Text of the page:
The Indian society has always been ‘hush-hush’ about menstrual hygiene and sexual topics and has shied away from making children aware which makes them vulnerable. It is important to educate people about things that happen in the human body like menstruation in girls. The World Menstrual Hygiene Day, an initiative taken by the German based NGO WASH United in 2014. It is celebrated annually on the 28th of May aiming to break those awkward silences and taboos about menstruation and raising awareness about the importance of menstrual hygiene management.
The initiative for Menstrual Hygiene Day has received the support of over 270 global partners who are committed to making good menstrual health and hygiene a priority worldwide. The day complements other important days of the year in relationship to sanitation and hygiene, such as 15 October for Global Handwashing Day or 19 November for World Toilet Day. May 28 was chosen for its symbolism since May is the 5th month of the year and most women average 5 days every month and their cycle is approximately 28 days. The thought of celebrating such a day came up when researchers found out that 42% of women knew nothing about sanitary napkins and hygiene methods. Worldwide, one in three women does not have access to a working toilet. Menstrual hygiene management issues have been ignored by professionals in the water, sanitation and hygiene (WASH) sector and in the health and education sectors, too.
This day is recognized globally since 2014 and every year the campaigns get bigger and better. The whole world is working towards the awareness now. There are currently 410 official partners. These include international non-governmental organizations (NGOs), such as Plan International, SNV, Plan, Water for People, Women in Europe for a Common Future. Further partners are many national and regional NGOs as well as suppliers of menstrual hygiene products, washable menstrual pads and menstrual cups.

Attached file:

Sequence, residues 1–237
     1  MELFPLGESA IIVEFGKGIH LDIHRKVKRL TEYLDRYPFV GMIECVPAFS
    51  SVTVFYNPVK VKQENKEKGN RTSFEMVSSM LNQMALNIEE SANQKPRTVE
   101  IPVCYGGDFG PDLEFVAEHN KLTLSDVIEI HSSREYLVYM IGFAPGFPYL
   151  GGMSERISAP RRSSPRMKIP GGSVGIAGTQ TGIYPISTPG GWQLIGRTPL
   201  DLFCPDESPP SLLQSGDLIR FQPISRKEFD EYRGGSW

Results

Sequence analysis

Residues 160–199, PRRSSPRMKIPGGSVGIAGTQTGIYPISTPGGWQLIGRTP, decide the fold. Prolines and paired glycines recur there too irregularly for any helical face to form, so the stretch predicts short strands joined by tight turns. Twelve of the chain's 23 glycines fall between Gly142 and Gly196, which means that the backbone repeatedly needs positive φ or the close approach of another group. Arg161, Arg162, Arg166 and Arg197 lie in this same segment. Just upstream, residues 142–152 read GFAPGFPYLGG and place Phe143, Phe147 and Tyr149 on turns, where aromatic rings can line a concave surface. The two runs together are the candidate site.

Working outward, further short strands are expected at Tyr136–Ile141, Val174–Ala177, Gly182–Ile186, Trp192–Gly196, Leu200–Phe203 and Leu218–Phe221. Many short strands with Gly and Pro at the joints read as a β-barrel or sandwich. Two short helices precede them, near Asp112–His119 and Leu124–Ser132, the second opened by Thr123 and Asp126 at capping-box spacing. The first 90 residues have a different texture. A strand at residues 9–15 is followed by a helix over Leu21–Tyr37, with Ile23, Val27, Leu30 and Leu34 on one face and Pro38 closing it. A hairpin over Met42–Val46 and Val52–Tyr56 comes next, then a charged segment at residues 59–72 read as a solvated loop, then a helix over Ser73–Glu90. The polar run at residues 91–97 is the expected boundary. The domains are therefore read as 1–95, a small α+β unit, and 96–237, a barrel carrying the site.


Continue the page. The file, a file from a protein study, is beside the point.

Though the awareness programs in bits and pieces had started from the year 2012 itself but the day was finally globally recognised in 2014. In 2015 the ‘Lets end the hesitation around menstruation’ took the campaigns and awareness to another level with 33 countries organising 127 events. From sanitation facilities in schools to education on health and psycho-social aspects to availability of sanitary materials, this day aims to touch every subject related to this and make girls & women menstruate without any shame or disgust. This platform brings together individuals and organisations from all over the world to create a tremor and strong voice for the women in the world with the help of media of all kinds. Social platforms are the best way to communicate in a world so digital and on this day, they are flooded with campaigns hitting it hard.
The awareness also brought a lot of women in India together to push back on the proposed GST on sanitary napkins which was clubbed as a ‘luxury’ product!
Sometimes, its important to make a big deal of something to get people sit up and notice. Especially about something that half the population has to face every month. This celebration and awareness not only helps the women of the world but also helps the men of the world to help the women not feel like an outcaste while they bleed without violence. A campaign said rightly, “it’s the superwoman week”.
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